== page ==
Friday, November 19, 2010

Airline pilots, politicians won't get scanned or groped, TSA says

WASHINGTON, D.C., USSA - The Transportation Safety Administration - a misnomer if there ever was one - has decreed that for now, airline pilots will not have to go through the same security screenings as passengers.

After being pressured by the pilots' union, the TSA backed off on requiring them to go through the hoops that many thousands of airline passengers go through every day.

Here's the story in the San Francisco Chronicle: Pilots go through untouched

This is not an argument that pilots should have to have full body scans or get groped by poorly paid TSA gate workers who are likely as grossed out by the body searches as the searchees. (In most states, the pat down as performed by TSA agents could get them arrested for sex crimes...)

No, the argument is no one should have to go through this newest level of 'security'.

Charles Krauthammer, hardly my favorite columnist, had it right today when he wrote:

"The ultimate idiocy is the full-body screening of the pilot. The pilot doesn't need a bomb or box cutter to bring down a plane. All he has to do is drive it into the water, like the EgyptAir pilot who crashed his plane off Nantucket while intoning "I rely on God," killing all on board."

Exactly.  Now that that particular idiocy has been resolved, why not realize that it's idiocy to do these new security measures with three-year-old children, senior citizens pushing walkers, wheelchair bound passengers and, and, and...

Krauthammer will no doubt be pilloried for this comment:

"The only reason we continue to do this is that people are too cowed to even question the absurd taboo against profiling - when the profile of the airline attacker is narrow, concrete, uniquely definable and universally known. So instead of seeking out terrorists, we seek out tubes of gel in stroller pouches."

Ah those strollers!

To paraphrase the late Art Linkletter: Kids do the darnest things.

You can add D.C. politicians to the list of people who can avoid the screenings, too: No patting the politicians

And Slate magazine asks the right question at this link: Does the TSA EVER catch terrorists?

Wednesday, November 17, 2010

Adios, Rick Kushman - Bee readers hope for a sequel

SACRAMENTO, Calif., USA - Next week Rick Kushman will walk out the door of The Sacramento Bee newspaper after a great run as a reporter and columnist.

In the last couple of years, Rick has been a real go-to guy for The Bee, a survivor of several rounds of layoffs and down-sizings brought on by a combination of incredibly bad planning on the part of the managers of The Bee and a near free-fall decline in print advertising revenues.

Rick Kushman
Rick's plans? A book for sure is in the works. Some teaching, too, probably. But who knows? He's a talented guy who started to outgrow The Bee several years ago but stayed for all the obvious reasons: a good job, loyalty, a great schedule.

Outgrew The Bee?


 Rick had a loyal following as a TV columnist for years and did an excellent job with that column. He also contributed other stories. But it was his TV commentary that drew readers - lot of readers. It was a colossal blunder to remove him from that, a blunder I wrote about more than a year ago when it happened: No more Rick the TV guy.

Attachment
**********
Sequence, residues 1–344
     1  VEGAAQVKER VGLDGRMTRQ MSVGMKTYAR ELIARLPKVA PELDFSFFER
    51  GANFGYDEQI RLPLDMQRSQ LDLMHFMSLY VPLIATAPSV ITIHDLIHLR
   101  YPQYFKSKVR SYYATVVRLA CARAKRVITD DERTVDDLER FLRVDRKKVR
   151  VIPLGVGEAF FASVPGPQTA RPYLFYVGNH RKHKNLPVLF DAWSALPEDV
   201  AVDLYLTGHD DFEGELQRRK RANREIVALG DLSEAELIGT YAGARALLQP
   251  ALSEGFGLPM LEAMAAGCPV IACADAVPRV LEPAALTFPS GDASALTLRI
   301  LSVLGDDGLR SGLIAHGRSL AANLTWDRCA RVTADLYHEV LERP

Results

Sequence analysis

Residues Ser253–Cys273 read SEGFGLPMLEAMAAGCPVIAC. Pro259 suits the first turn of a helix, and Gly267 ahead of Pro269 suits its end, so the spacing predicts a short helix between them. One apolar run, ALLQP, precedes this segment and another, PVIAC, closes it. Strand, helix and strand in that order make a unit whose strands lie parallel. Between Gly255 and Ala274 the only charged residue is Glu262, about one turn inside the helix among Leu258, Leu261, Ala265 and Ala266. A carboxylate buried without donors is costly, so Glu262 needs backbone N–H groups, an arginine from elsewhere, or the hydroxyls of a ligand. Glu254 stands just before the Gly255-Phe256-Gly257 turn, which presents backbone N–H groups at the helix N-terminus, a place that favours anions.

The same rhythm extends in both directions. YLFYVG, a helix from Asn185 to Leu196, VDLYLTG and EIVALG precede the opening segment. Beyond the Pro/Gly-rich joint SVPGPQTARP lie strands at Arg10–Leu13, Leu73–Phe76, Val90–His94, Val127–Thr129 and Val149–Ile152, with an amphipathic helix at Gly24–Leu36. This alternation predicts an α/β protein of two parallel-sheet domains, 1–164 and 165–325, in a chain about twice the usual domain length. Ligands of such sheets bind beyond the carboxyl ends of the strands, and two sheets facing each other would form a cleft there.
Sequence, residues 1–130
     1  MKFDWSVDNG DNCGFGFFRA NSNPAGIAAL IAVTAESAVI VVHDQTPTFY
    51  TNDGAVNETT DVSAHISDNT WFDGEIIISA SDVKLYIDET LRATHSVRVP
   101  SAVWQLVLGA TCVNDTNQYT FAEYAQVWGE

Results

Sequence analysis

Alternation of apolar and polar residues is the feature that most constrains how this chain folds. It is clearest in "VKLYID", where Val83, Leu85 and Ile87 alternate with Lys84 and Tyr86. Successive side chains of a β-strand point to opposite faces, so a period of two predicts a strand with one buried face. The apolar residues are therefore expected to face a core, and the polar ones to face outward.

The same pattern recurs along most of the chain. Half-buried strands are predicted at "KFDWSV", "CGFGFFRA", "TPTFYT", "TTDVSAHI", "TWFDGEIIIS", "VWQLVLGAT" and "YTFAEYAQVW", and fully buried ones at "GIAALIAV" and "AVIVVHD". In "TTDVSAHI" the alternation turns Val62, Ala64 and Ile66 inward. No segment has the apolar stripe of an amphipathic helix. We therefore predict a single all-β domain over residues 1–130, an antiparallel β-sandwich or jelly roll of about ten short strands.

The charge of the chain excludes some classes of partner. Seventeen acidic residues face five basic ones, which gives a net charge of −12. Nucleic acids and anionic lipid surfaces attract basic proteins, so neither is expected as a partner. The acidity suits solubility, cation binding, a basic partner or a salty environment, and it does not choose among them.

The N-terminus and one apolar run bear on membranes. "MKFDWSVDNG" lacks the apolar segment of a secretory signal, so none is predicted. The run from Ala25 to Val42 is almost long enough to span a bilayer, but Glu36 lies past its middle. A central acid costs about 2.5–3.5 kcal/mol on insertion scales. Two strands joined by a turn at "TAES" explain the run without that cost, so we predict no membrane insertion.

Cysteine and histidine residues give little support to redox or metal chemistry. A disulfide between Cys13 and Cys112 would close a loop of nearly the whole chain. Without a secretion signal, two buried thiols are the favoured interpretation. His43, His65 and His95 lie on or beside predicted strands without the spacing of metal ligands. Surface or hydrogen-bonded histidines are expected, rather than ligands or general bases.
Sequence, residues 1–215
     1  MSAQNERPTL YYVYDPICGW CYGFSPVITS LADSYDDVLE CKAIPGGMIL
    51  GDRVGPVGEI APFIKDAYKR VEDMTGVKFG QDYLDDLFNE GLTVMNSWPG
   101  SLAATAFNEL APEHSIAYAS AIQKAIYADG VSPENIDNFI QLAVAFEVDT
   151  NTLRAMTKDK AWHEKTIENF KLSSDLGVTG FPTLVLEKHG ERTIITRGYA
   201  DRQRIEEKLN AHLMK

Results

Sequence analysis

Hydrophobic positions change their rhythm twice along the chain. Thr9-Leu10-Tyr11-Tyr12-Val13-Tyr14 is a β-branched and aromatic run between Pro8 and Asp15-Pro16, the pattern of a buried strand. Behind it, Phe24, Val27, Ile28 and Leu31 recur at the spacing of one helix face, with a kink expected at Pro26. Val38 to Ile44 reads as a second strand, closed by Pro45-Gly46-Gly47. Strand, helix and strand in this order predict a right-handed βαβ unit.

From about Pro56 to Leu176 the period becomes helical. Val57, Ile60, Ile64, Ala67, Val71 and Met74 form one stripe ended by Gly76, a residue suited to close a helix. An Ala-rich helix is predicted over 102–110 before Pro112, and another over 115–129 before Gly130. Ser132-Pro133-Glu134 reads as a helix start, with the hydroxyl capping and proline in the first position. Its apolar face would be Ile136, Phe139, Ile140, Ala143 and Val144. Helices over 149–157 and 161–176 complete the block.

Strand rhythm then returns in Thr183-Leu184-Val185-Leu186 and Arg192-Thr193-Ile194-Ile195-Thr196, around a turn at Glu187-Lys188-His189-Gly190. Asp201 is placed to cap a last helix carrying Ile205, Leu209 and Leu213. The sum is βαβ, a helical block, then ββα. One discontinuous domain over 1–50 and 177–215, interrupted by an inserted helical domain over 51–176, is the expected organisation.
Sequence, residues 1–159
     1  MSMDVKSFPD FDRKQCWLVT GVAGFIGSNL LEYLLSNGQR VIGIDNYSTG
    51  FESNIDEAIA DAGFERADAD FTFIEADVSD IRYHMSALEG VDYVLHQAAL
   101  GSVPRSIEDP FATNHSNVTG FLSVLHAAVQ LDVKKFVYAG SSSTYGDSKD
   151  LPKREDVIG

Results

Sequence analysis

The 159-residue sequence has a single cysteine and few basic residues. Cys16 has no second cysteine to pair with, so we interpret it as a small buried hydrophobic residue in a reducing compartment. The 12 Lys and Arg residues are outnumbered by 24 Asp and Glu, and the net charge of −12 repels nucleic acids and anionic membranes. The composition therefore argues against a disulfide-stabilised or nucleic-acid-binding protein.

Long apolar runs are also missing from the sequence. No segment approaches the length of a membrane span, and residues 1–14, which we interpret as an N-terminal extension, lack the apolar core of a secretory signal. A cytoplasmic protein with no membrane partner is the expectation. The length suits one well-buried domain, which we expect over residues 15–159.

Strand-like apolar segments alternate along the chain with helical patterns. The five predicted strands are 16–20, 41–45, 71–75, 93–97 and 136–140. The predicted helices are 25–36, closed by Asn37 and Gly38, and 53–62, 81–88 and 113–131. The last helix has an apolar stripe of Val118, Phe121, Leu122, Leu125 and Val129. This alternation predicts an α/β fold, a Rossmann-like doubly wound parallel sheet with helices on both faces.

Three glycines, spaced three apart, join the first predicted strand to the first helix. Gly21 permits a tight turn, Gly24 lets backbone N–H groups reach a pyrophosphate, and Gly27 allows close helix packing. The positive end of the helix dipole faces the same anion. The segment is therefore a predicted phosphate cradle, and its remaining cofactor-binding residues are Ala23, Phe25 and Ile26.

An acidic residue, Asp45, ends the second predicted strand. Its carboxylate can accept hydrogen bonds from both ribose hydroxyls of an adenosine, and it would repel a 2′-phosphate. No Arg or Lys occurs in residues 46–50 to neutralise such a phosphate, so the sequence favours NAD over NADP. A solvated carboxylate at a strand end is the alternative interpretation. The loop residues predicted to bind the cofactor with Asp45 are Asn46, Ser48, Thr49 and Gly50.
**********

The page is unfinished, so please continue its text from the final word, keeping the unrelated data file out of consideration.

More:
Now Rick is joining the talent exodus from The Bee, a talent exodus that is coming at a time when this city really needs a good daily newspaper - and writers who readers can connect to.

Rick has the kind of personality that lends itself to an emerging brand of personal journalism that is fast becoming the standard in the publishing business.

If Rick were to start an on-line TV critic blog, I would sign up right away. In fact, everyone reading this should email him and tell him that would be a good idea:

Rick's leaving The Bee leaves another hole in the lineup of a news team whose bench is getting shallower every month it seems.

Bon voyage Rick. Fans will be watching for a blockbuster career sequel. Maybe he will write the screenplay for a film starting Paul Giamatti: Sideways Again.

Friday, November 05, 2010

A review of the book Freedom, but 'FreedomTM'

SACRAMENTO, Calif., USA - A book titled Freedom by Jonathan Franzen has been grabbing headlines for months, even making Oprah swoon over it. And I have picked Freedom up several times to read (usually at Costco while avoiding grocery shopping). But for now I am waiting patiently for it to show up on the public library shelves here.

That might happen by 2012, the librarians tell me. It's a pretty popular book.

But while waiting, I just finished a book by Daniel Suarez also called Freedom  (its full title is FreedomTM, as in trademark), a science fiction thriller that is all-to-close to reality. Actually close to several realities.
Daniel Suarez

It's an eco-thriller with government/corporation conspiracies mixed in with near-future high tech wonders and what we could call video games.

But the video game in this book is no game. What goes on in something called the darknet is deadly serious for all concerned.

The book is believable and frightening, both on the techno level and the idea that corporations have a tight web of conspiracy in place, essentially running everything - and caring nothing for human beings.

Does that sound at all familiar?

The first book in this series, called Daemon, is supposed to be excellent, too, and should be read before FreedomTM.

But because I have already read the second volume, I am going to wait for Suarez to do another book about the darknet.

I know it's out there, even if I don't have the technology to see it. Not yet, anyway.